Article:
Art ?







In the Sixties there was an unsuccessful attempt to sell Vignale-Fiats in the UK, Cris Rees tells the bizarre tale:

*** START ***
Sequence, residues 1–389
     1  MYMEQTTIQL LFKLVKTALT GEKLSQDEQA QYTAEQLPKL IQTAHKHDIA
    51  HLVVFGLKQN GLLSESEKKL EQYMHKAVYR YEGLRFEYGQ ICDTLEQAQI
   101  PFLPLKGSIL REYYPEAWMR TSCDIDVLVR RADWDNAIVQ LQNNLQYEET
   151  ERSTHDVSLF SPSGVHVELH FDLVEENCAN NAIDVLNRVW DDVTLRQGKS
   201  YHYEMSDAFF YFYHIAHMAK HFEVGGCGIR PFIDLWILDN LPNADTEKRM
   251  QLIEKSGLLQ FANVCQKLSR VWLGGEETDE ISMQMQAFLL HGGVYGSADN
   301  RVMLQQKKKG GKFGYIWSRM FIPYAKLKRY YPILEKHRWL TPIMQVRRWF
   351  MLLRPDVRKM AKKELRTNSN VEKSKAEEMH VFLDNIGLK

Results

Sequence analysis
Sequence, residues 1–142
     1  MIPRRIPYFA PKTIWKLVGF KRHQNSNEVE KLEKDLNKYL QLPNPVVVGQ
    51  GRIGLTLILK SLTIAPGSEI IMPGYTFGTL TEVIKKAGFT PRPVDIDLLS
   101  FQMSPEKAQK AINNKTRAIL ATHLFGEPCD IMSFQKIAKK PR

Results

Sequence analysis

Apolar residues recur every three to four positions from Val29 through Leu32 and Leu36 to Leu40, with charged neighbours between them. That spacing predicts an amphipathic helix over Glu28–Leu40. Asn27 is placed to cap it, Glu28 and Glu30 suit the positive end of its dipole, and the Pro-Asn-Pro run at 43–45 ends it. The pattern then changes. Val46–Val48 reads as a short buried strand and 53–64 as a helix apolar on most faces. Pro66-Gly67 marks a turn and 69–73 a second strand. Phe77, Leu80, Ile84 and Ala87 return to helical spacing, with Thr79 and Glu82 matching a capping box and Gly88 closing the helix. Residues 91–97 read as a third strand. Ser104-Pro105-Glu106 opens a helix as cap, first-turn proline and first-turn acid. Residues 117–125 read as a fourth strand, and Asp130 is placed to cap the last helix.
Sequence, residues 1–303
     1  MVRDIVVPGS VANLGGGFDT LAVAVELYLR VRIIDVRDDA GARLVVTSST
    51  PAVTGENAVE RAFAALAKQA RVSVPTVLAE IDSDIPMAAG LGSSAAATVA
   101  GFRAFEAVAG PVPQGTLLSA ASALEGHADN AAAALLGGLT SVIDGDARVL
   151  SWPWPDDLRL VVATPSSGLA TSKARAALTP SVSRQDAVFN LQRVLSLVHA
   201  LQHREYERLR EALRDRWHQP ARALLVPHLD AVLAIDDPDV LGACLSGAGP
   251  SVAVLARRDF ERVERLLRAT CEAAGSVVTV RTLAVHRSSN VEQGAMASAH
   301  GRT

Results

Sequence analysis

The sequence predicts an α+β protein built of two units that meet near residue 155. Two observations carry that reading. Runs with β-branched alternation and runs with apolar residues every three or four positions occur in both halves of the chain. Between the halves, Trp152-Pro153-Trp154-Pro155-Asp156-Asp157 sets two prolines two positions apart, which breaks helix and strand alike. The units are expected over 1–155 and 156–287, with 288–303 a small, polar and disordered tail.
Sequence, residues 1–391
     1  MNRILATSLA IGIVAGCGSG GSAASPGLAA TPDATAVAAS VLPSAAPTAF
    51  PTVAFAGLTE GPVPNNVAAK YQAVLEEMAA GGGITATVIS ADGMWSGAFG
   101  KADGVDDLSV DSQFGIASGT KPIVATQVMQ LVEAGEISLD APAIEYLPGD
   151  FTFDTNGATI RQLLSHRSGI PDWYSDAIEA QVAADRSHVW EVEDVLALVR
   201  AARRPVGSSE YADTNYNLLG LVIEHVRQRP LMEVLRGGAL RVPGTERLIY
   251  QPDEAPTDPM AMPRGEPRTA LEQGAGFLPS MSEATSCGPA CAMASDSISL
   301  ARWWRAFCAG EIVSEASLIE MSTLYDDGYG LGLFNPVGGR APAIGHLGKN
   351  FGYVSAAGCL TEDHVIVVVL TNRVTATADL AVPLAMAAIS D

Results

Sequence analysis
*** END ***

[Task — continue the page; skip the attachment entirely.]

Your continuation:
FRIXOS Demetriou was a Greek-Cypriot who had built up a successful casino in Cyprus. He then came to London and set up in business with a gaming club called the Olympic. Concerned that his gaming licence might be affected by forthcoming legislation, he resolved to find an alternative business venture. In 1967 Demetriou happened to be in Milan on a diverted flight to Athens when he saw a strange little car parked near the airport. Enquiries revealed that it was a Vignale-Fiat Gamine, a humorous little belle époque roadster based on a Fiat 500 floorpan. Demetriou's brain was already ticking - in terms of securing the world rights to market the car. On the return journey. he diverted to Turin, where coachbuiIder Vignale was based, to view its products. Four days later, he returned with his German-Swiss legal adviser, Ernest Huppert, with a rather unusual business proposition. Not accustomed to thinking small. the pair asked if Vignale would be prepared to sell them a run of some of their Fiat-based models: Gamine (500), 850 Special, Eveline (124) and Samantha (125). Demetriou knew how to impress in a potential business relationship. He bought 200 cars on the spot. cash up-front, and guaranteed to buy the next six months' production, as long as Vignale would build the cars with right-hand drive. Before long, puffed up with optimism. the pair signed a similar deal with another Turin coachbuiIder, Francis Lombardi, to import his pretty little Fiat 850 based coupé called the Grand Prix, introduced at the 1968 Geneva Motor Show. Demetriou did have some logic behind this profligate spending spree... "No factory will listen, even a 40 car-a-day factory." he said. "unless you talk in quantities of at least 1,000. Besides, l wanted to be able to force them in time to incorporate special equipment for my market." By September 1968. Huppert had secured a Motor Show stand at Earl's Court and was ready to launch the Vignale Fiat range in the UK. The Gamine in particular was given a big splash in the dailies. mainly because of the stress on the car being 'for women only...'Demetriou's Queensway premises were now bulging with cars. Literally hundreds of them sat in a specially-cleared zone beside his casino. He had invested a fortune in the cars with not so much as a single order to offset his expense. Some estimates put the total sum invested at over £500.000. Demetriou appeared on the cover of Car magazine with the line 'Meet the Racing Car Show's least enthusiastic exhibitor'. The magazine was certainly struck by his demeanour: he was a man of few words, wore dark glasses and an overcoat and played his part 'almost to the point of caricature'.